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Goodbyes can be awkward, especially when you’re trying to impress someone. Do you kiss them? Do you leave it at a firm handshake and intense eye contact? In this scenario — you won’t have the opportunity to do either.
When it comes to writing cover letters, your ultimate goal is to make the person who’s reading want to want to hire you. Sometimes, cover letters are the only piece out of everything you submit that an employer will read.
In that case, your cover letter has to be a stand-alone piece that describes your accomplishments and paints you in a bright, shining light and shows the employer how you’re going to help their company succeed. It has to be so good that they keep reading until the end and, ideally, respond.
Every part of your cover letter matters. The closing statement needs to be one of the strongest parts of you cover letter because it’s the last chance you get to make a good impression on the reader. Are you stressed yet? Don’t be! We have tips to help you write the best ending to your cover letter possible.
As with any job-related correspondence, it’s a good idea to go with more formal language instead of saying something along the lines of “XOXO,” “cheers,” or “thanks, bro.”
Closing statements in cover letters are important, but try not to overthink it. You want to sound confident and qualified, not insecure and nervous.
Here’s a list of fail-proof ways to end your cover letter:
1. “I am excited for the chance to learn more about this opportunity and share with you how I would be a great fit for your company.”
A strong closing like this will show that you’re confident and excited for the opportunity. Ending your cover letter with a statement like this one will show that you can fit into their company’s culture and that your work ethic is what they’re looking for in an employee.
2. “I am excited to offer my strengths, skills, and expertise in this industry to benefit your company,”
Employers want to know what you can bring to the table and how you can help their company succeed. With a statement like this, you can show them that you’re committed to becoming part of their company and leading them toward success.
3. “If I am offered a position with your company, I will be immediately ready to start working with your company to exceed your expectations for success.”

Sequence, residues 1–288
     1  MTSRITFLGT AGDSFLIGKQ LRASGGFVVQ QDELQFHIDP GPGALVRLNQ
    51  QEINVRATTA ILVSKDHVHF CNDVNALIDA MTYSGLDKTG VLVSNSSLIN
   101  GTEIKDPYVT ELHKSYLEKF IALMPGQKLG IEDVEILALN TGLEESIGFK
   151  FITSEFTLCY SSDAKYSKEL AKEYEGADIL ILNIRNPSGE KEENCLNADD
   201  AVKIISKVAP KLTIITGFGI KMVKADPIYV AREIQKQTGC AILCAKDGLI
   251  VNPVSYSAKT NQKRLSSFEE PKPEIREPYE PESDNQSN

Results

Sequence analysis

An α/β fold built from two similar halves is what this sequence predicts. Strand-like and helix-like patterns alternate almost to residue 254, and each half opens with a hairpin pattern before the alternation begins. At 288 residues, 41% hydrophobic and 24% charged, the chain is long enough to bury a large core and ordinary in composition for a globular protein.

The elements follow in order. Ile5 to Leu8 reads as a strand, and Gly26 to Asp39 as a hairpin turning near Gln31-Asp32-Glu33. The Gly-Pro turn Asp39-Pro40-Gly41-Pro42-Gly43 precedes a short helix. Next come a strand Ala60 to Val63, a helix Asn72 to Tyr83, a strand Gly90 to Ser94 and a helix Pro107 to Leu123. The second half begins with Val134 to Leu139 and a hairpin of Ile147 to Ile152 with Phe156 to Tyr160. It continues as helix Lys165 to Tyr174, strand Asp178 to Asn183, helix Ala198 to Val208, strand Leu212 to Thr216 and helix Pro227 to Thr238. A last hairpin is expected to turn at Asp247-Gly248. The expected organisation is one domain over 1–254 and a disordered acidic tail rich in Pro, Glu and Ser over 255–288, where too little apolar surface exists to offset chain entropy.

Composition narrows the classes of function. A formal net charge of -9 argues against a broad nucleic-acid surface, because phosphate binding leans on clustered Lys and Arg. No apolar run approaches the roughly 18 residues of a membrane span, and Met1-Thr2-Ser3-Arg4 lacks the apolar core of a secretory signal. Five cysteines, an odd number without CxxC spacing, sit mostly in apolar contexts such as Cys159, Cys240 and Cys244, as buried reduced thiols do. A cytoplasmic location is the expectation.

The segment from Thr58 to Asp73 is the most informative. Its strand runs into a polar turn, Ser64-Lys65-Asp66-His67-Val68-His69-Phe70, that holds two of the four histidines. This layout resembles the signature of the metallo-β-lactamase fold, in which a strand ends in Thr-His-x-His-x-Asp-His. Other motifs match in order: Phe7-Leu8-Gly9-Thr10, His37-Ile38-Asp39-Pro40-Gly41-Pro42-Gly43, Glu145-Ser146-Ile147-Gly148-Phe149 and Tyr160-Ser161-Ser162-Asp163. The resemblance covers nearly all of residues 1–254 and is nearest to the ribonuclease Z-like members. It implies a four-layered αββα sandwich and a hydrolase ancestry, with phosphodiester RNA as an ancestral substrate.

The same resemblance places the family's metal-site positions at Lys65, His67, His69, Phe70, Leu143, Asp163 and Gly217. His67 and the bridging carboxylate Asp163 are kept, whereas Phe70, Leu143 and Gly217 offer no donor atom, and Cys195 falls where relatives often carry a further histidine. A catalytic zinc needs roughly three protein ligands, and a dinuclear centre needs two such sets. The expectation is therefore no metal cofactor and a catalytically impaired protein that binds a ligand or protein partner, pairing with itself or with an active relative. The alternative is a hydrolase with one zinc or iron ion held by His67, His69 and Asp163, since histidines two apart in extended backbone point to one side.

Adding a statement like this to closing of your cover letter will show your enthusiasm for working with the company. Employers look for people who are excited about their work, and mentioning that you can help them succeed is never a bad move.
4. “I am excited for the opportunity to meet with you and further discuss how my qualifications will be beneficial to your company’s success.”
Employers want to know how your experience and qualifications will help their company succeed. It’s important to let them know that your ultimate goal is to help their company grow and flourish, not that they’ll be a minor checkpoint on the road to your own personal success.
Keep in mind that the purpose of your cover letter is to land an interview with the employer. Explain to your reader how you will be beneficial to their company and what you hope to gain from meeting with them.
Just as it’s important to include a confident closing statement, it’s equally important to sign off your cover letter in a professional manner. For your convenience, here’s a list of common sign-offs that are great to use for cover letters and other professional correspondences:
Follow the closing of your choice with a comma, and on a new line, write your name.
If you’re sending an email, you can add your contact information below your name. For example:
[Best regards/other sign off],
Your LinkedIn Profile URL
Your Email Address
Your Phone Number
Make sure to include a professional email address. While your beloved middle school email address “catsRcuteNfun420@aol.com” is fun and quirky, it’s probably not going to help you land any jobs. Sorry.
For the record — cats are cute and fun.
When it comes to cover letters, there are definitely mistakes that you need to steer clear of. In this case — if you’re too casual in your sign off, your cover letter is probably going to spend the rest of its lifespan in the garbage.
Consider Oscar a metaphor for your cover letter if you make these mistakes.
Because we care about you and want you to get a job, here’s a list of sign-offs to avoid at all costs so you can prevent yourself from looking like a dumbass:
This is a professional document — you want your cover letter to give off the vibe of a firm handshake, not a casual fist bump.
Avoid ghosting/the Irish goodbye/the French exit/etc. The point is — don’t just end your cover letter without a concluding statement or signing off. Even though writing a cover letter is stressful and you might just want to end it as quickly as possible, it’s still important to come full circle and close it out.
Cover letters are always the first impression you’ll leave on a potential employer – and you want to make sure it’s a good one. The closing of your cover letter is an important factor in helping you land your next interview. By writing an enthusiastic and confident closing paragraph, you’ll help your reader see that you’re the best person for the job.
Writing cover letters can be stressful — if you want to reap the benefits of writing one, make sure you’re that you’re giving it your best effort from start to finish.
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